Jan

@jsemrau

How to Better Classify Coachella With Machine Learning (Part 1)

September 17th 2016

This is the time when the cold winter month are ending. Temperatures are slowly rising, flowers are blossoming, the faint scent of BBQ in the air, and we soon start dancing outside to pulsating beats surrounded by a group of sweaty people. It’s time for Summer Festivals. It’s time for the Coachella Festival to kick off the season of large outdoor live music weekend events around the United States.

For the few uninitiated, the Coachella Music and Arts Festival is an annual event held at the Empire Polo Club in Indio, California. It attracts hundred- thousands of visitors each year since 1999 to enjoy an increasingly broad lineup of artists previously considered off the main stream. Some critics might say Coachella tries to be everything for every one, thus losing character. Other’s would say more people attended Lady Gaga’s Coachella concert than Donald Trump’s inauguration. But who am I to judge?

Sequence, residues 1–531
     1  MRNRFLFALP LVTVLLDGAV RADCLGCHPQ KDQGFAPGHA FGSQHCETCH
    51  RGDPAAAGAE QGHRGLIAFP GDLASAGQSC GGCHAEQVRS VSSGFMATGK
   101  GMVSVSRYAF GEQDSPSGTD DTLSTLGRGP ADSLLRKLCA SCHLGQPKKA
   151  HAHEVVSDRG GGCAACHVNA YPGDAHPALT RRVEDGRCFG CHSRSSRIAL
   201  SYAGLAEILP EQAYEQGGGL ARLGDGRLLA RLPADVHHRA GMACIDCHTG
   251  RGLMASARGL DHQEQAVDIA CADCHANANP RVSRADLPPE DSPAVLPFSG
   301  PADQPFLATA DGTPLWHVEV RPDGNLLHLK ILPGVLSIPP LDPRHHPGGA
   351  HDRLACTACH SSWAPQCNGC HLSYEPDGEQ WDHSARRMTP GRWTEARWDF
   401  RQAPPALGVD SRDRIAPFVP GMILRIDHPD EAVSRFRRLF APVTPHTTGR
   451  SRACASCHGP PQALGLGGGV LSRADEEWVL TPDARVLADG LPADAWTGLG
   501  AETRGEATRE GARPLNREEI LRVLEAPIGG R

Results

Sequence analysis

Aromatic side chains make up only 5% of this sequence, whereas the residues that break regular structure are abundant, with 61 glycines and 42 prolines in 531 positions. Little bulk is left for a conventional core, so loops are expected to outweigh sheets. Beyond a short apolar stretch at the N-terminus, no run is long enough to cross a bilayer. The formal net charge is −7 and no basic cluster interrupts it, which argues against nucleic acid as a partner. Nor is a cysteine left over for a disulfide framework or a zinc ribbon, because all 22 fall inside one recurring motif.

But what exactly is Coachella? Is it a music concert, an art exhibition, or just a sea of rich hot people swaying? Even we humans struggle with classifying such events. Machines even more so. For machines ‘music’ , ‘arts’ , or ‘ swaying humans’ are just series of 1’s and zeroes’ and the infinite amount of rational numbers in between.

Categories matter.

People interpret what they see quickly and automatically thus recognising familiar objects as members of categories. That helps us to make decisions fast. Categories allows humans and machines to effectively find the information they need. On the other hand, I personally would be very interested to see what would happen if we store items in the supermarket by alphabet. Aisle A has Apples, Aspirin, and Avocados. Aisle B has Bananas, Bread, Butter, and Baking Powder. But then alphabets in itself are again a categorization.